View synonyms for emotion


[ ih-moh-shuhn ]


  1. an affective state of consciousness in which joy, sorrow, fear, hate, or the like, is experienced, as distinguished from cognitive and volitional states of consciousness.
  2. any of the feelings of joy, sorrow, fear, hate, love, etc.
  3. any strong agitation of the feelings actuated by experiencing love, hate, fear, etc., and usually accompanied by certain physiological changes, as increased heartbeat or respiration, and often overt manifestation, as crying or shaking.
  4. an instance of this.
  5. something that causes such a reaction:

    the powerful emotion of a great symphony.


/ ɪˈməʊʃən /


  1. any strong feeling, as of joy, sorrow, or fear


/ ĭ-mōshən /

  1. A psychological state that arises spontaneously rather than through conscious effort and is sometimes accompanied by physiological changes; a feeling.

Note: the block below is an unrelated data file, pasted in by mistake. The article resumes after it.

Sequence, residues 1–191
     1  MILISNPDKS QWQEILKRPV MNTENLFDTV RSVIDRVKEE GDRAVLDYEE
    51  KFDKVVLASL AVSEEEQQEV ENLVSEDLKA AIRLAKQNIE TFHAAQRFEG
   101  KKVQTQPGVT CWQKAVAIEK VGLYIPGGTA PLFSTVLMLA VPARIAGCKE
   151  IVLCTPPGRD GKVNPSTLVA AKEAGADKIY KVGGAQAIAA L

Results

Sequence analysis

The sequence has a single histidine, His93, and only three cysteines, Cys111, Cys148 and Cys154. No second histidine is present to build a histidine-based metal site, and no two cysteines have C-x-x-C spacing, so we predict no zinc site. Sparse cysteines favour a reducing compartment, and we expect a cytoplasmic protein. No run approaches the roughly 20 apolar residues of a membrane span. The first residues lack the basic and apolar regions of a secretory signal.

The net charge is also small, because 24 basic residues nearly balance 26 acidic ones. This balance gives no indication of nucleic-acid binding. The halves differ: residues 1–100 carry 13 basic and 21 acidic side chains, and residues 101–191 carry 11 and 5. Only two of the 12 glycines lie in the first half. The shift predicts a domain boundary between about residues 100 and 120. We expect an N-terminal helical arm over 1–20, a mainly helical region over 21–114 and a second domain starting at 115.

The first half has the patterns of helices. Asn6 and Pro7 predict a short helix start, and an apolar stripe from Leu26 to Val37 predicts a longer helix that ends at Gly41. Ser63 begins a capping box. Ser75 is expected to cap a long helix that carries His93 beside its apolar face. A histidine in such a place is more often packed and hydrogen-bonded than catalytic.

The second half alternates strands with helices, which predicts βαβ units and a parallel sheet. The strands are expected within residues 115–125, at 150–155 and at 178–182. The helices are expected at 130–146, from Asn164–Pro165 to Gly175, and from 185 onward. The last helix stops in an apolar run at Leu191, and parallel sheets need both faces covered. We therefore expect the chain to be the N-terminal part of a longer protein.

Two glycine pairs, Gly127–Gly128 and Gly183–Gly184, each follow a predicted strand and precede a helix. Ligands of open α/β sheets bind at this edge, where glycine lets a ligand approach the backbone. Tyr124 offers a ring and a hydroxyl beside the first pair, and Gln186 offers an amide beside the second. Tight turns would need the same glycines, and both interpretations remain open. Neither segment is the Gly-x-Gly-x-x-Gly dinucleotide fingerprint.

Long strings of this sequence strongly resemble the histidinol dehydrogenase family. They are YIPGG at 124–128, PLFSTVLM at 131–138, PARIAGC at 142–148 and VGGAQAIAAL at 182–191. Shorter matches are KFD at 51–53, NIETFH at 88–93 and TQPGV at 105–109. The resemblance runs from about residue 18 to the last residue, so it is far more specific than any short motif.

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Derived Forms

  • eˈmotionless, adjective

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Other Words From

  • e·motion·a·ble adjective
  • e·motion·less adjective
  • pree·motion noun

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Word History and Origins

Origin of emotion1

First recorded in 1570–80; apparently from Middle French esmotion, from esmovoir “to set in motion, move the feelings,” from Vulgar Latin exmovēre (unrecorded; literary Latin ēmovēre ); e- 1( def ), move ( def ), motion ( def )

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Word History and Origins

Origin of emotion1

C16: from French, from Old French esmovoir to excite, from Latin ēmovēre to disturb, from movēre to move

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Example Sentences

In movies like Inception, Interstellar, Dunkirk, Memento, and more, he’s been toying with that concept, finding emotion and feeling in the emotionless fabric of the universe.

From Vox

The stories that tend to go viral on Facebook are those that stoke emotion and divisiveness, critics argue.

From Fortune

Rivers and LeBron James had passionately described the emotions the NBA community felt after seeing the video of Blake’s shooting.